UNION CITY, N.J. -- Embattled U.S. Sen. Robert Menendez spoke to the media on Monday morning in response to a federal corruption indictment .
The 39-page indictment unsealed Friday alleges that he shared "highly sensitive" information about the U.S. embassy in Cairo, sought to interfere in criminal prosecutions, and used his power and influence as chairman of the Senate Foreign Relations Committee in exchange for bribes in the form of cash, gold bars, a Mercedes Benz, and even home mortgage payments.
Menendez was the mayor of Union City and then a congressman from Hudson County, before becoming a U.S. senator.
He held his press conference Monday at Hudson County Community College. His tone was defiant as he said he knows it's the biggest fight of his life. However, he said he does not plan on stepping down.
"I firmly believe that when all the facts are presented, not only will I be exonerated, but I still will be New Jersey's senior senator," Menendez said.
Watch Sen. Menendez's full remarks
Menendez surrounded himself with constituents he said he helped over the years and professed his innocence.
The Democrat also lashed out against countless members of his own party, including Gov. Phil Murphy, who have .
"Instead of waiting for all the facts to be presented, others have rushed to judgment because they see a political opportunity for themselves or those around them," Menendez said.
South Jersey Congressman Andy Kim said on X, the social media site formerly known as Twitter, that, adding, "As a result, I feel compelled to run against him. Not something I expected to do, but NJ deserves better."
In Washington, John Fetterman of Pennsylvania is currently the only U.S. senator asking Menendez to step down.
New York Congresswoman Alexandria Ocasio-Cortez.
"I do believe that it is in the best interest for Sen. Menendez to resign," Ocasio-Cortez said.
"I've called on him, given the gravity of the charges, to step aside. I think right now -- given how we've got elections coming up, there's a lot of distractions obviously -- giving the senator time to defend himself, I think what's best is that he steps aside," New Jersey Rep. Josh Gottheimer told CNN over the weekend.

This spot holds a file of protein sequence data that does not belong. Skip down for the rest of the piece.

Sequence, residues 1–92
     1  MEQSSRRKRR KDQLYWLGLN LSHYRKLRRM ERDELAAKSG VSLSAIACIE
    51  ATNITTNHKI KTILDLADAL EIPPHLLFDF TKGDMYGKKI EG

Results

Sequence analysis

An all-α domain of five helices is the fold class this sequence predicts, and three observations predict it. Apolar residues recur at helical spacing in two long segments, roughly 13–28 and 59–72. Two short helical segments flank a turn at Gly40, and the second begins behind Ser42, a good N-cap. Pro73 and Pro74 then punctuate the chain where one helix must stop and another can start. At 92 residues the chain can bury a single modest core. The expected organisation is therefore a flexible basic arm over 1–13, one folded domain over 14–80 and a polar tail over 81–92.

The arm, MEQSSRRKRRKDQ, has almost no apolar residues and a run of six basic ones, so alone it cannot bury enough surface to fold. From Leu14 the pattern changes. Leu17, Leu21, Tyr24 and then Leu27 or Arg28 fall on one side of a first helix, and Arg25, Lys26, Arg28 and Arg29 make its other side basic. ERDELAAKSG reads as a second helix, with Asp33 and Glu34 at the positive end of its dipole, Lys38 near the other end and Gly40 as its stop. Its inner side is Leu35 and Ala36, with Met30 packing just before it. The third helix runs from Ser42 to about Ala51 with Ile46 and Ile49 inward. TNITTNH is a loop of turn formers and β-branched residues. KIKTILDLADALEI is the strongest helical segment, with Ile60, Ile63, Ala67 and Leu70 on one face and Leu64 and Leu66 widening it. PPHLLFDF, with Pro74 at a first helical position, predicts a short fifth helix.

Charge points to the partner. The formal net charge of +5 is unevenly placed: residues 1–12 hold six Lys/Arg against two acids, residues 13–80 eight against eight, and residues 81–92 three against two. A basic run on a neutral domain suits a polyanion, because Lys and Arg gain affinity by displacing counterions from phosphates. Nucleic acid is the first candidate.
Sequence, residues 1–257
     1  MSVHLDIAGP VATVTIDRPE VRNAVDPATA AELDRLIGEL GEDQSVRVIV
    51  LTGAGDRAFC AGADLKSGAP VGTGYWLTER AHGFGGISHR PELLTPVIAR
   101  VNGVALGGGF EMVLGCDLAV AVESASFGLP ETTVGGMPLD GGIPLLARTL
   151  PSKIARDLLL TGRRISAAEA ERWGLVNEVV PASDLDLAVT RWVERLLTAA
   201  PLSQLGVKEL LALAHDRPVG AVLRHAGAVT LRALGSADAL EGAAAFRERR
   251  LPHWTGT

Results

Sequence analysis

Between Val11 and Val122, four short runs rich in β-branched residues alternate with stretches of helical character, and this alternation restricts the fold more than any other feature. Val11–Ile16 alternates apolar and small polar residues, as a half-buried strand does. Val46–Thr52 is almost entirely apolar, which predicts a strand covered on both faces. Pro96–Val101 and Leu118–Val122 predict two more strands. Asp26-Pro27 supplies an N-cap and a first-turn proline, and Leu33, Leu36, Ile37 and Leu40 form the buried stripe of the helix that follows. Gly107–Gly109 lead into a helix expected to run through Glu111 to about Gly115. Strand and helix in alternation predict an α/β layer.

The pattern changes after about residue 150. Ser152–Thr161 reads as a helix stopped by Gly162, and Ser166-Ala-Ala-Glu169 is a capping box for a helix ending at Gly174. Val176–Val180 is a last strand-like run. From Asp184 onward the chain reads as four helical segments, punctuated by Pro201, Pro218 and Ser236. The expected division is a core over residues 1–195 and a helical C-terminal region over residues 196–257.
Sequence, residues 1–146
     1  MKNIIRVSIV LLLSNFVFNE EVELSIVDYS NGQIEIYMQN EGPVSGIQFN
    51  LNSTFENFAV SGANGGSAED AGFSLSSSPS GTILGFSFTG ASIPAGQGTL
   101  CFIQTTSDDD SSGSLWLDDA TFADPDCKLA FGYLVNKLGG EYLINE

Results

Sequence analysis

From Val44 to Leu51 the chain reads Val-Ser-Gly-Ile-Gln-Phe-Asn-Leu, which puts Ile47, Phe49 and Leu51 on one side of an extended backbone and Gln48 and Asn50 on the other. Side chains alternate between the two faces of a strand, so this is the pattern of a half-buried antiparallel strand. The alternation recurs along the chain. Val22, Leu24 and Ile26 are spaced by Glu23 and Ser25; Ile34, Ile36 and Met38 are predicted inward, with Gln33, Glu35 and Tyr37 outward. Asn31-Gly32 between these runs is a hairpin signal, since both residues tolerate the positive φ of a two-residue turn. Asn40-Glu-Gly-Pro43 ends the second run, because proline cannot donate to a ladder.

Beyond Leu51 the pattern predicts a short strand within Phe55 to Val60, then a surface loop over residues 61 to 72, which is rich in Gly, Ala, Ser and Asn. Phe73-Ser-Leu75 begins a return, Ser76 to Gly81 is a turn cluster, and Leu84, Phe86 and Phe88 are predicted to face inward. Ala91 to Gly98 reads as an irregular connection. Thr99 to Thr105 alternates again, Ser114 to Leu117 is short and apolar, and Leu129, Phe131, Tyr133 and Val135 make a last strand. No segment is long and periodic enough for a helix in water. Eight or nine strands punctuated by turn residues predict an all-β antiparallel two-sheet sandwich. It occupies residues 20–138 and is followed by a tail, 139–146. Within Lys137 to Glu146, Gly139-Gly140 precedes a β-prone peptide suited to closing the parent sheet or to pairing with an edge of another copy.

Watch Christine Sloan's report
The feds have accused Menendez and his wife, Nadine, of taking more than $500,000 in bribes from three New Jersey businessmen, including gold bars and cash, and say some of the money seized from the couples' home was stuffed in Menendez's senate jacket.
The son of Cuban immigrants said the money isn't dirty.
"For 30 years, I have withdrawn thousands of dollars in cash from my personal savings account, which I have kept for emergencies and because of the history of my family facing confiscation in Cuba," Menendez said.
In Union City's Cuban-American community, Menendez's explanation has been the topic of conversation.
"The part about the money I do understand because as a Cuban we are used to putting ... we don't trust the government. We came from a very dark place in Cuba under a terrible regime," one person said.
"When there was money in Cuba, people put them in jars, in pods. My father used to do," another said.
"It doesn't apply in this case because here there are so many banks and so many things to put the money in," another added.
The senator, who said he'll soon be back in D.C. to to do the peoples' work, also refuted claims he provided sensitive information to the government of Eygpt.
"My record is clear for holding [Egypt] accountable for its unjust detention of Americans and others, and its human rights abuses," Menendez said.
The senator would not take any questions. The government claims the cash had fingerprints of one of the businessmen charged.
Meanwhile, CBS New York reached out to New Jersey Sen. Cory Booker, but he did not respond.
It's telling that in Hudson County, the Democratic political machine, from mayors to members of Congress people, have remained silent. CBS New York reached out to more than a dozen, including the Democratic committee chair, but not one has responded.
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